Organizers are predicting that the 10th anniversary of 9/11 will be the largest single day of charitable service in the history of the United States. More than 1 million Americans are expected to participate. Organizers of the 9/11 Day Observance and Scholastic are also partnering to provide educators with constructive teaching tools and other resources to help teachers inspire children everywhere to participate through good deeds and charitable service.
In President Barack Obama’s weekly address of August 27, 2011, he makes the following comments about the National Day of Service and Remembrance:
In just two weeks, we’ll come together, as a nation, to mark the 10th anniversary of the September 11th attacks.  We’ll remember the innocent lives we lost.  We’ll stand with the families who loved them.  We’ll honor the heroic first responders who rushed to the scene and saved so many.  And we’ll pay tribute to our troops and military families, and all those who have served over the past ten years, to keep us safe and strong.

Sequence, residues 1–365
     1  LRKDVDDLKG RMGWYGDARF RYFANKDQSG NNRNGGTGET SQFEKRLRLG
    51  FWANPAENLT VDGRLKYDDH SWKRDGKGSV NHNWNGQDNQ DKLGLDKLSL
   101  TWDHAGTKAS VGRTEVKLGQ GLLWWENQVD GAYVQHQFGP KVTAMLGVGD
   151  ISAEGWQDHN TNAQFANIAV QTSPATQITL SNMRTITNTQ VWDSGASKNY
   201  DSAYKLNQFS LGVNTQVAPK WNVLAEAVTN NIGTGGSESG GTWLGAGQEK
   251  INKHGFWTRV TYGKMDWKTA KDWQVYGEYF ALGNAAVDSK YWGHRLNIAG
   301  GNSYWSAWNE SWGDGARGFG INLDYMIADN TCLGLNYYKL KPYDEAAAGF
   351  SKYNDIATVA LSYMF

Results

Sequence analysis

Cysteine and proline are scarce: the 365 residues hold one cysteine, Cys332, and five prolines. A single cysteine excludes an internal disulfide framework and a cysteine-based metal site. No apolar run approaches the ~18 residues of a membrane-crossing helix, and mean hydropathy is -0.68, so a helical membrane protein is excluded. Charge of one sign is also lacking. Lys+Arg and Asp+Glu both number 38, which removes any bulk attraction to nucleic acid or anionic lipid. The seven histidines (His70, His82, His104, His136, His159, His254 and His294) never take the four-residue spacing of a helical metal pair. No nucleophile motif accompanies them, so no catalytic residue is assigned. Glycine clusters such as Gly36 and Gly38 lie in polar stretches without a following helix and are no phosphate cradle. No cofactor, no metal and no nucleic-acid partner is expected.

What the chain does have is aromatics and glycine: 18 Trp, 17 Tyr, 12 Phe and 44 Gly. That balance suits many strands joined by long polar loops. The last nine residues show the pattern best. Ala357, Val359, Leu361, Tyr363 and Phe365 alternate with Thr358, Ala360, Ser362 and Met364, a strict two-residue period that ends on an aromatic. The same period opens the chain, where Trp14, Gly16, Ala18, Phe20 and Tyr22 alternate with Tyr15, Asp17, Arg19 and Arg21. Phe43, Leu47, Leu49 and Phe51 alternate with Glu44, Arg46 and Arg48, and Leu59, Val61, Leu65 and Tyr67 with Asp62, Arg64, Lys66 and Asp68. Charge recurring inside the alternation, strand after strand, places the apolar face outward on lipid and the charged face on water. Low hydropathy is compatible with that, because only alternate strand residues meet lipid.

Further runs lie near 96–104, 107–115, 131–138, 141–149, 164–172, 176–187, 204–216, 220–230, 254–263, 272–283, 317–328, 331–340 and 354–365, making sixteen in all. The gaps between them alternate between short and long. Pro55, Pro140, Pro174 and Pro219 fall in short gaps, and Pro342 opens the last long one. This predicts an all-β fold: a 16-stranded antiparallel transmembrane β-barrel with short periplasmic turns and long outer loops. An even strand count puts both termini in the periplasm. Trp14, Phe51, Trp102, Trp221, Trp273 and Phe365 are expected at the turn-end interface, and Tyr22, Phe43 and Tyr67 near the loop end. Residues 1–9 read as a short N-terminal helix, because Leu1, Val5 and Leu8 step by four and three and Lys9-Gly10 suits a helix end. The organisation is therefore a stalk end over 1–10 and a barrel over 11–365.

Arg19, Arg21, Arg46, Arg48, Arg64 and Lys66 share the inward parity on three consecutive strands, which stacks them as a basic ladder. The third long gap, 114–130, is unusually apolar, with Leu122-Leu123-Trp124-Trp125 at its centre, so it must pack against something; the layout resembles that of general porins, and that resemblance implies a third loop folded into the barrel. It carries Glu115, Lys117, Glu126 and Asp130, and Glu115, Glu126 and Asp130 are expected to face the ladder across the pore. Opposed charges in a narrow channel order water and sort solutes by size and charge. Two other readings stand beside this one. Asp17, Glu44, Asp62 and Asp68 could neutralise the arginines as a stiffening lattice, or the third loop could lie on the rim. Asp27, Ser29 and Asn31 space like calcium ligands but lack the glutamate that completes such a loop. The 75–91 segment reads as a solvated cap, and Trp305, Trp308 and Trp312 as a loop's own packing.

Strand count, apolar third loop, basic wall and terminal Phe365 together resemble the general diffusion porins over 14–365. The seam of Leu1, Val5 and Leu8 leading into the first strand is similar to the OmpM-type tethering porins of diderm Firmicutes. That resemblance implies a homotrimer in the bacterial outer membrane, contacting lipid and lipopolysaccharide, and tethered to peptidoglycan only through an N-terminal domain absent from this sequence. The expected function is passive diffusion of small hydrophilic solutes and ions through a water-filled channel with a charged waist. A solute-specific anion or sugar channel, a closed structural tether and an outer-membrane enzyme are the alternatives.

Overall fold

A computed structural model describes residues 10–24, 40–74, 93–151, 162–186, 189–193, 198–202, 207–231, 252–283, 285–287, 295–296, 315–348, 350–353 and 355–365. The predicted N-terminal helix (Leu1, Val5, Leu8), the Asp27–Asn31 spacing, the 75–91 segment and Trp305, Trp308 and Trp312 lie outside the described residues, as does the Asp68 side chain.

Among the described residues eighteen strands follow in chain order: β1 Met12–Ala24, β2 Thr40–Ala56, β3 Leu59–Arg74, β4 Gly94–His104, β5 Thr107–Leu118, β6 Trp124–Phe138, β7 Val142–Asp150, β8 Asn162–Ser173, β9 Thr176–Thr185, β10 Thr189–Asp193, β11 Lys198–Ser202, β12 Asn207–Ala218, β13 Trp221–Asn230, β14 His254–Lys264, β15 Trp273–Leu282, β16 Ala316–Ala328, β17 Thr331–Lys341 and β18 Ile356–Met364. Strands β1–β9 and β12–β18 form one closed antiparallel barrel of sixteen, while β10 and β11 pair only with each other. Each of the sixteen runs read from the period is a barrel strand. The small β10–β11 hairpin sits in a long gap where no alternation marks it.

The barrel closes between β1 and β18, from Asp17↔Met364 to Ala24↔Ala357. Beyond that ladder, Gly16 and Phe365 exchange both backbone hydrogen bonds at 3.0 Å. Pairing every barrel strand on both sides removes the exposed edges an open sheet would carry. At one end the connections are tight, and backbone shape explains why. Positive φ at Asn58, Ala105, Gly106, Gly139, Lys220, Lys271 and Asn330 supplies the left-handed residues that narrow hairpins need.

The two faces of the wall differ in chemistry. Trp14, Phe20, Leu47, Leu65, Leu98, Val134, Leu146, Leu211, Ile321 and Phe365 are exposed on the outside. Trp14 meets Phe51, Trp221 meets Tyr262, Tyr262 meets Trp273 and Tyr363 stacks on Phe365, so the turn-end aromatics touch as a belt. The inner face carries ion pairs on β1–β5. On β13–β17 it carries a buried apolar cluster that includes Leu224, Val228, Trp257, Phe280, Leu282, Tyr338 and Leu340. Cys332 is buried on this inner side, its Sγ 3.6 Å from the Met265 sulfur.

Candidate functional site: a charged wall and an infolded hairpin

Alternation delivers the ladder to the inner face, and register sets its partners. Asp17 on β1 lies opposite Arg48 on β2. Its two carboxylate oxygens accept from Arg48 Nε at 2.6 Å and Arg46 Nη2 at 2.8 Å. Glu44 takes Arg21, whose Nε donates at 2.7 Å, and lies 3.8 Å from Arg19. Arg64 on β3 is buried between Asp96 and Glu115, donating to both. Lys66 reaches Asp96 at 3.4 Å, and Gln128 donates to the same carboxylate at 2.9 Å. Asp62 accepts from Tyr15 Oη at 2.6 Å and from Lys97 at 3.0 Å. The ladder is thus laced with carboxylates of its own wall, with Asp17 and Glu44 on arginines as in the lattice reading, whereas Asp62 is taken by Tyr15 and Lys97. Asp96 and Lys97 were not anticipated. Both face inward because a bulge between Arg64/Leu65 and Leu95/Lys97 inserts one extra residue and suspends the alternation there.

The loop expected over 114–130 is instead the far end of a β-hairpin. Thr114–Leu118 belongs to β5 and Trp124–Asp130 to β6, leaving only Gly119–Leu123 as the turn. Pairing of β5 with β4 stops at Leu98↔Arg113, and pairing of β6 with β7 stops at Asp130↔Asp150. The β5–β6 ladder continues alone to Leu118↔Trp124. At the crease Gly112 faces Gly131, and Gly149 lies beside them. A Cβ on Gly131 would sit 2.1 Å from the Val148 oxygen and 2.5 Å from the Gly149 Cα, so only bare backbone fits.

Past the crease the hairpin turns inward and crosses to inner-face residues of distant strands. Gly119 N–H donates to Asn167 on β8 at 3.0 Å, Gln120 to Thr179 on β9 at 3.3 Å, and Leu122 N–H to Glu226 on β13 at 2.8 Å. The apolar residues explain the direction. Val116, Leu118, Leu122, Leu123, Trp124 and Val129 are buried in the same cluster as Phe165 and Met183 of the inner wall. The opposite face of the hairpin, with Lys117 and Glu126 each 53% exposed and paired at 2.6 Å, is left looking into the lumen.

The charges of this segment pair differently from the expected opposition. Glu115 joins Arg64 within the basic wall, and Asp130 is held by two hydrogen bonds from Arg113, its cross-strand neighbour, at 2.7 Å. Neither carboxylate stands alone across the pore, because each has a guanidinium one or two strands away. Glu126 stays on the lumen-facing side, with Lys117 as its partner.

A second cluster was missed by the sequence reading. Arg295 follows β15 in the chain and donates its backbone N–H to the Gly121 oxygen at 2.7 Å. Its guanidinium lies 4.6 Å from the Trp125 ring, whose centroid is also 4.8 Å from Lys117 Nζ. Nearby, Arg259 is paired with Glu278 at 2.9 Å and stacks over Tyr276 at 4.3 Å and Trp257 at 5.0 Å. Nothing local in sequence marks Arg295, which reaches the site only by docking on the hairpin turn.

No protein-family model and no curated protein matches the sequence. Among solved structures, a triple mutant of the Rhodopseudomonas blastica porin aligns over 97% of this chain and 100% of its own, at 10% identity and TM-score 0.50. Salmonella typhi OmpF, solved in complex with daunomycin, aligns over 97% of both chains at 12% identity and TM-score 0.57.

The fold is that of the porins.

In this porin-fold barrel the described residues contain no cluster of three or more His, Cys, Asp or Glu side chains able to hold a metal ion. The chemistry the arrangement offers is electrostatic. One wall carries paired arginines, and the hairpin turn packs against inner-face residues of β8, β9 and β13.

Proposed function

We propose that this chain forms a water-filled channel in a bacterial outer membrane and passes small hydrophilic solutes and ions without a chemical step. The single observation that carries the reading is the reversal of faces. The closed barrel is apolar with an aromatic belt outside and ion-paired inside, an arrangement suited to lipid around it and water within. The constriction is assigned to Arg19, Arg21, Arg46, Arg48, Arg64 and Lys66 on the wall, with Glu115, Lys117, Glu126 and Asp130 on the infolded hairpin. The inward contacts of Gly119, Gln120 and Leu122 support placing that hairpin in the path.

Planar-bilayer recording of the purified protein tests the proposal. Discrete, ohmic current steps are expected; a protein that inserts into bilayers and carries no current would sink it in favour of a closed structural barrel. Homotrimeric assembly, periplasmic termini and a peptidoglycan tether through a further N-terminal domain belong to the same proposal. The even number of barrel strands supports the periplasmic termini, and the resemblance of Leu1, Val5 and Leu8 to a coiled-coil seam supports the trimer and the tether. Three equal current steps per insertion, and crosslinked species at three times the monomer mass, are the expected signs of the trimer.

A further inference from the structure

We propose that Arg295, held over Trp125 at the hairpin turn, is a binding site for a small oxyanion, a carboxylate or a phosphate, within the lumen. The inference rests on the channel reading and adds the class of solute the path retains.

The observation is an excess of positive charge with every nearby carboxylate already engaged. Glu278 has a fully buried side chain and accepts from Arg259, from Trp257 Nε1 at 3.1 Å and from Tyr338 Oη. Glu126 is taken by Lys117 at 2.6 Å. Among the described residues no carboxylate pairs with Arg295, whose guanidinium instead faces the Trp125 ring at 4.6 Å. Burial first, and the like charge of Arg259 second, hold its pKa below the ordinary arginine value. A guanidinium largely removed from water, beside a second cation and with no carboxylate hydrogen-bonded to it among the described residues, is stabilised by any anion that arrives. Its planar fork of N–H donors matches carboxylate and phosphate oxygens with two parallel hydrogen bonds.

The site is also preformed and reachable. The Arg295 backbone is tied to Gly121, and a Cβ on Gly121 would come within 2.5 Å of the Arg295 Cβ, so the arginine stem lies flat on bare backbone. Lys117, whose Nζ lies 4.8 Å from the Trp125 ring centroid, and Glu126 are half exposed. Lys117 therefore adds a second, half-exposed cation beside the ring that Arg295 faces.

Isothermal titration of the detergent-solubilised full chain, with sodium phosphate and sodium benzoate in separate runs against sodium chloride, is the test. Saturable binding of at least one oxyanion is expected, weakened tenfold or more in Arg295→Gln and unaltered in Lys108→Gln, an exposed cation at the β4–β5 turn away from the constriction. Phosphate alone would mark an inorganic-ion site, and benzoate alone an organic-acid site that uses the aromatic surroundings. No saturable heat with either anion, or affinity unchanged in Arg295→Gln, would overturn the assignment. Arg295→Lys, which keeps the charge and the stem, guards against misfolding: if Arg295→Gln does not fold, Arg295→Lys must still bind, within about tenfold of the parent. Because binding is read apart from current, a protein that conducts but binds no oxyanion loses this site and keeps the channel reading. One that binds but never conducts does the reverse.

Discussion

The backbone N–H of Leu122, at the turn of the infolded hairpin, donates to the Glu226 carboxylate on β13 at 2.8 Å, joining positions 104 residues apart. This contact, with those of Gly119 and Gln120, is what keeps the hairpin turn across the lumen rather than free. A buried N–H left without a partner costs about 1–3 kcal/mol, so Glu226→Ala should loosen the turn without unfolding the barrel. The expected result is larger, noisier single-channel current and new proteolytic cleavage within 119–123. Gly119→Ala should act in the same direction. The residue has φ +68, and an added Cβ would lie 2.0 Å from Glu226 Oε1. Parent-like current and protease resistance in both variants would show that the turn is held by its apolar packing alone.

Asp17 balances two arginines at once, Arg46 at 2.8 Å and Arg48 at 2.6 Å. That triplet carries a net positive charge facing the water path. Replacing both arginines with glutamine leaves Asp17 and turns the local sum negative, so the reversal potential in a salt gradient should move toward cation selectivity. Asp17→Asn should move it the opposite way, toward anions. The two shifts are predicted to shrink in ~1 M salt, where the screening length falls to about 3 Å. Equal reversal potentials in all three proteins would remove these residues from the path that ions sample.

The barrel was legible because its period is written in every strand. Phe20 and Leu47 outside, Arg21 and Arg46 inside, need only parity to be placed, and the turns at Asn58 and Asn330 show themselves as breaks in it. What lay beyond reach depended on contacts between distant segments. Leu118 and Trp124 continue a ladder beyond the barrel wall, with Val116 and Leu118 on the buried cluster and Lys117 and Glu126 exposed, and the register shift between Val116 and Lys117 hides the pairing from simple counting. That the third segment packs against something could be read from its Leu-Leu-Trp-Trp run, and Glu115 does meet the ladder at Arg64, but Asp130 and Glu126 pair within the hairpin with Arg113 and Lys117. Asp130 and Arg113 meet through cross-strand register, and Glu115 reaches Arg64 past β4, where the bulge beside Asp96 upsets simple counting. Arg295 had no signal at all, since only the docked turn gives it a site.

This September 11th, Michelle and I will join the commemorations at Ground Zero, in Shanksville, and at the Pentagon…And once again, Michelle and I look forward to joining a local service project as well. 
There are so many ways to get involved, and every American can do something…  Even the smallest act of service, the simplest act of kindness, is a way to honor those we lost; a way to reclaim that spirit of unity that followed 9/11. **Video link below. 

All members of the Miami-Dade County Public Schools community are encouraged to participate in the National Day of Service and Remembrance. 


*Lesson Plans for National Day of Service:

Teaching tools for the 9/11 Tribute Movement:;

Tribute Ideas from Hands On:

**Video of President Obama’s Weekly Address:

Bringing 9/11 Into the Classroom—10 Years Later